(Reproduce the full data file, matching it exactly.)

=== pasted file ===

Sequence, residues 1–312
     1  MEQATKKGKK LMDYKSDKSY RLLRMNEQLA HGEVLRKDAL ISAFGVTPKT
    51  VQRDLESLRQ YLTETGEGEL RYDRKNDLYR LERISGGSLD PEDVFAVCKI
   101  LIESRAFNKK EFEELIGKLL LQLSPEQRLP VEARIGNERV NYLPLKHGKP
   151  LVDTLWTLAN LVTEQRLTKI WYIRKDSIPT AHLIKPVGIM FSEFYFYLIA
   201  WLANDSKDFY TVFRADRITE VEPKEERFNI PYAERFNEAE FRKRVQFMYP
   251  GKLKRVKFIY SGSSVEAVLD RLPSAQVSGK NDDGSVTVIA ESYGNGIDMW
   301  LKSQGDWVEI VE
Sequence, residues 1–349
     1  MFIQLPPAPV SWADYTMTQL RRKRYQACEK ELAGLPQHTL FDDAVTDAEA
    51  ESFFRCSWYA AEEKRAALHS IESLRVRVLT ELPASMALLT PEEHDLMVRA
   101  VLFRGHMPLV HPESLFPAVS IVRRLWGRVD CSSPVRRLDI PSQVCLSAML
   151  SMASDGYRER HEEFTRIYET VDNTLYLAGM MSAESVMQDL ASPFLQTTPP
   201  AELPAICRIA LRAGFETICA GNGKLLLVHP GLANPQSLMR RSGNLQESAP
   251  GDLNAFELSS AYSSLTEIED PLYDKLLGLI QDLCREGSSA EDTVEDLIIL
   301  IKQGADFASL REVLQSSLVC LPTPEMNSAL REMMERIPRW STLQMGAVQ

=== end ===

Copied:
Sequence, residues 1–312
     1  MEQATKKGKK LMDYKSDKSY RLLRMNEQLA HGEVLRKDAL ISAFGVTPKT
    51  VQRDLESLRQ YLTETGEGEL RYDRKNDLYR LERISGGSLD PEDVFAVCKI
   101  LIESRAFNKK EFEELIGKLL LQLSPEQRLP VEARIGNERV NYLPLKHGKP
   151  LVDTLWTLAN LVTEQRLTKI WYIRKDSIPT AHLIKPVGIM FSEFYFYLIA
   201  WLANDSKDFY TVFRADRITE VEPKEERFNI PYAERFNEAE FRKRVQFMYP
   251  GKLKRVKFIY SGSSVEAVLD RLPSAQVSGK NDDGSVTVIA ESYGNGIDMW
   301  LKSQGDWVEI VE
Sequence, residues 1–349
     1  MFIQLPPAPV SWADYTMTQL RRKRYQACEK ELAGLPQHTL FDDAVTDAEA
    51  ESFFRCSWYA AEEKRAALHS IESLRVRVLT ELPASMALLT PEEHDLMVRA
   101  VLFRGHMPLV HPESLFPAVS IVRRLWGRVD CSSPVRRLDI PSQVCLSAML
   151  SMASDGYRER HEEFTRIYET VDNTLYLAGM MSAESVMQDL ASPFLQTTPP
   201  AELPAICRIA LRAGFETICA GNGKLLLVHP GLANPQSLMR RSGNLQESAP
   251  GDLNAFELSS AYSSLTEIED PLYDKLLGLI QDLCREGSSA EDTVEDLIIL
   301  IKQGADFASL REVLQSSLVC LPTPEMNSAL REMMERIPRW STLQMGAVQ